Why Cutting Workers Back to 32 Hours is Unacceptable
City workers are right to be upset over the upcoming work-week reduction to 32 hours when the Administration refuses to curtail discretionary purchases.
On the Consent Agenda for the January 17, 2012 City Council Meeting, there are two such items which serve as good examples of expenditures the city does not need to make: item 1D, authorizing the potential expenditure of $44,000 (minimum cost: $0) to meet the city’s grant match requirements to purchase a new street sweeper, and item 1E authorizing a potential expenditure of $84,000 (minimum cost $40,000) to add turn lanes in two places along 15 Mile Road.
I’m sure the existing city street sweeper, a 1997 model, is dilapidated, less fuel efficient than current models, and likely nearing the end of its life. Some will say that foregoing a grant of $220,000 for the sake of possibly saving $44,000 to get a needed piece of expensive equipment is penny wise and pound foolish. But the fact remains: the city is going broke, and a street sweeper replacement is a discretionary, rather than a necessary purchase. $44,000 pays most of the salary for the guy who will drive that street sweeper. Maybe we should ask him what he would prefer: a new street sweeper to drive, or a 20% pay cut? I think the answer is pretty obvious.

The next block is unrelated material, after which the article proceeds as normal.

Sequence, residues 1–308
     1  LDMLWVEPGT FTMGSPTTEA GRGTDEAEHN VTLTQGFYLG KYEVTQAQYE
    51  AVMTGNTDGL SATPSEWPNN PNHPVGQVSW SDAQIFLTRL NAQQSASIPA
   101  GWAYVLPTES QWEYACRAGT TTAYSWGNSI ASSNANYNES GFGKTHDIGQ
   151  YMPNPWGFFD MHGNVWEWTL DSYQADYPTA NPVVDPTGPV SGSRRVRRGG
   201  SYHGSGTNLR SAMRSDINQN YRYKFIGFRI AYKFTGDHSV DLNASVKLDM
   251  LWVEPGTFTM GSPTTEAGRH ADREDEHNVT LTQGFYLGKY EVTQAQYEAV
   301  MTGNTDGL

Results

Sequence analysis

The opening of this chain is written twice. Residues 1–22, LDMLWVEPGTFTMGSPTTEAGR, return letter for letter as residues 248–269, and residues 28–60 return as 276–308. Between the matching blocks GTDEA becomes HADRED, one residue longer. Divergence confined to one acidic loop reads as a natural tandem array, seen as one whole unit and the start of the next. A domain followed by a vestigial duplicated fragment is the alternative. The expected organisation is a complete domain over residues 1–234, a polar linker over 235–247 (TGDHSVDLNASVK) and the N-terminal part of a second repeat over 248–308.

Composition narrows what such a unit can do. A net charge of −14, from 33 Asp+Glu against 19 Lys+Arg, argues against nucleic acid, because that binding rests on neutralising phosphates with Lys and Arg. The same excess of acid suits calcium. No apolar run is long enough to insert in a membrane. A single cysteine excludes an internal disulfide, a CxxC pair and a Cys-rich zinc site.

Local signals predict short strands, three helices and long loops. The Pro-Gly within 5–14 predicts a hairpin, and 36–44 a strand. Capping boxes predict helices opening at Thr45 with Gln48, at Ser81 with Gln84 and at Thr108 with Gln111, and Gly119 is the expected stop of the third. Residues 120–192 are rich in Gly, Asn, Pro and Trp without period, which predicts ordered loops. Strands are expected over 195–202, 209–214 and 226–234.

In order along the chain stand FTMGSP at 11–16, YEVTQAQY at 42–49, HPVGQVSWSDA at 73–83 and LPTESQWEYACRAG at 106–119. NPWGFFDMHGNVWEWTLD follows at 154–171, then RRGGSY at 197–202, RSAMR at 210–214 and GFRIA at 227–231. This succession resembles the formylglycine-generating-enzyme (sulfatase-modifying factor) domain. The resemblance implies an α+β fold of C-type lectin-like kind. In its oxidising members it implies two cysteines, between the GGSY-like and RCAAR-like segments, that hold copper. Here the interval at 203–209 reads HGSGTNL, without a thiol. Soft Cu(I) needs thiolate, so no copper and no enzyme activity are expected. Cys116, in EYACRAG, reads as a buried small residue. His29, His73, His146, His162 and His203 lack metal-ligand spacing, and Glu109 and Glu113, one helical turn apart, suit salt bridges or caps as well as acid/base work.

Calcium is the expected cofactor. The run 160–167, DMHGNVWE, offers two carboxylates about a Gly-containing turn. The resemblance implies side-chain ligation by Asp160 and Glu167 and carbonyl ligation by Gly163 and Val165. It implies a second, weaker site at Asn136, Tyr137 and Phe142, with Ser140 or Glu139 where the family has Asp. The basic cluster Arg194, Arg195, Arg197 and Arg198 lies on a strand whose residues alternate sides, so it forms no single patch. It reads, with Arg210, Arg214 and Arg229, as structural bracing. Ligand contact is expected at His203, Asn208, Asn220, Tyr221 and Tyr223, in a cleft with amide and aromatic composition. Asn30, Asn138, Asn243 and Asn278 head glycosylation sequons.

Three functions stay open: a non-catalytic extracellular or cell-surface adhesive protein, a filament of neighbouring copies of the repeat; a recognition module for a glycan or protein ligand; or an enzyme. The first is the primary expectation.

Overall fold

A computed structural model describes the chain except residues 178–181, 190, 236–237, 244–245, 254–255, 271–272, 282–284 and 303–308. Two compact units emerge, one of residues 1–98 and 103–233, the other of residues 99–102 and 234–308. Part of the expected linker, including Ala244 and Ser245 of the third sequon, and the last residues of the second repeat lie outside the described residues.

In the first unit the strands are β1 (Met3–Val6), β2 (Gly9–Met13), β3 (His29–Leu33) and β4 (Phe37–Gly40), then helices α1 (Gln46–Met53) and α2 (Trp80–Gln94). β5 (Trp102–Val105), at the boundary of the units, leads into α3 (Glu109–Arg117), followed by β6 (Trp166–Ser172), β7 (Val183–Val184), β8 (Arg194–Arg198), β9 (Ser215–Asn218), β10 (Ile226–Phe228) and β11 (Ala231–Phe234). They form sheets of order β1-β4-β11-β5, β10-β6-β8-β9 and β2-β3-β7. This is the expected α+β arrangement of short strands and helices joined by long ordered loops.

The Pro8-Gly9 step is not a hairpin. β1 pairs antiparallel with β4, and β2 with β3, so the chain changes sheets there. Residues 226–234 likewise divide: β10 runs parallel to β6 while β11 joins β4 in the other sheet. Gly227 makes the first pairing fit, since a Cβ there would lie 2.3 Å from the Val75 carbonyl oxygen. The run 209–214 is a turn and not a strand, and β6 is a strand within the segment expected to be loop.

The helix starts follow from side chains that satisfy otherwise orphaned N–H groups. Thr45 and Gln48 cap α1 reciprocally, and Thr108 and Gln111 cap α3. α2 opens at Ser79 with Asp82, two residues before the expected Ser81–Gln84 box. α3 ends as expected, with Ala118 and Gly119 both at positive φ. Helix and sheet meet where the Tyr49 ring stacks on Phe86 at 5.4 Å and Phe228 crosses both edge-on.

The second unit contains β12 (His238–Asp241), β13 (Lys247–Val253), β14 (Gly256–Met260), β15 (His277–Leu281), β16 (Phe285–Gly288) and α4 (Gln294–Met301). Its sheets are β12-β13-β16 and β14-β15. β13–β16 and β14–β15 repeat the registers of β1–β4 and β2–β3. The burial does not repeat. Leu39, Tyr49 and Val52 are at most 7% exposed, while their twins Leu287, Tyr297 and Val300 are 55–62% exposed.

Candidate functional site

Similarly, I’m sure that it might be useful to add right-turn-only lanes to westbound 15 Mile Road at Dodge Park and eastbound 15 Mile Road at Maple Lane. Today, however, traffic flows just fine in both places, and neither place has ever had dedicated turn lanes. Both of the secondary roads, Dodge Park and Maple Lane, are and should be of secondary importance when the city is going broke. I’m quite sure the city workers who travel westbound 15 Mile Road to Dodge Park to reach their jobs at Dodge Park and Utica would rather have a 5-day work week instead of a fractionally shorter commute on a 4-day work week. Once again, this expenditure is discretionary.
Looking further in today’s consent agenda, item 1F authorizes the purchase of 18 30-minute SCBA Air Cylinders in order to replace 6% of the Fire Department’s 280 air cylinders at a projected cost of $11,250. Given that there are only 100 firefighters on the job, we can easily forego spending that eleven grand and remain at an inventory 94% the size of today’s. Just exactly how often are there so many fires in a given week that the difference of 18 tanks would curtail adequate Fire Department response? Where is the sense in cutting back the workweek of several workers when we could easily just not spend the $11,250? What would the firefighters prefer, 6% fewer SCBA air tanks with a more than adequate number still in reserve, or pay cuts for their union brothers and sisters?
With the city in a clear fiscal crisis, we obviously need to forego some expenses, even if the expenses might be for things deemed to be fairly important. Somehow, we find ourselves in crisis mode, yet the City Administration fails to adjust its spending accordingly.
It’s high time for the City Administration to get serious about cutting back on discretionary spending. If they won’t, it’s time for City Council to see to it that either the policies get changed, or the administrators.